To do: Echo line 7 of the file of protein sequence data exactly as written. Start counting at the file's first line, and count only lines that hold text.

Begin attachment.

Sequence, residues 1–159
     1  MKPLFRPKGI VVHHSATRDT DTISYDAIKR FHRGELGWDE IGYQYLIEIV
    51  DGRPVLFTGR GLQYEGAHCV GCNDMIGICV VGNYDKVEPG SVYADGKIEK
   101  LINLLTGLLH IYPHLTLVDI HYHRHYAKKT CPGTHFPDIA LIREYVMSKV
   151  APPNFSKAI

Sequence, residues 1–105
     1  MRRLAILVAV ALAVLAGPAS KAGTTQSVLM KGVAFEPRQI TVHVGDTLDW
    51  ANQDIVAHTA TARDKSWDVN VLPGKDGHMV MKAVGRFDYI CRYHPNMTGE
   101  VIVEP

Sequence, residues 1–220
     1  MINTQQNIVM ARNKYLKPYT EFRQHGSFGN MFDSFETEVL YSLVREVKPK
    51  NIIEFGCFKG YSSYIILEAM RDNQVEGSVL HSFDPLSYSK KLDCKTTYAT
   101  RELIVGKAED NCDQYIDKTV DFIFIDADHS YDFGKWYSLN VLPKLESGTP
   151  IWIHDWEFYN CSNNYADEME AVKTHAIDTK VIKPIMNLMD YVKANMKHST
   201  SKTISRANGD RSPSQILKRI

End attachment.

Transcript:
     1  MRRLAILVAV ALAVLAGPAS KAGTTQSVLM KGVAFEPRQI TVHVGDTLDW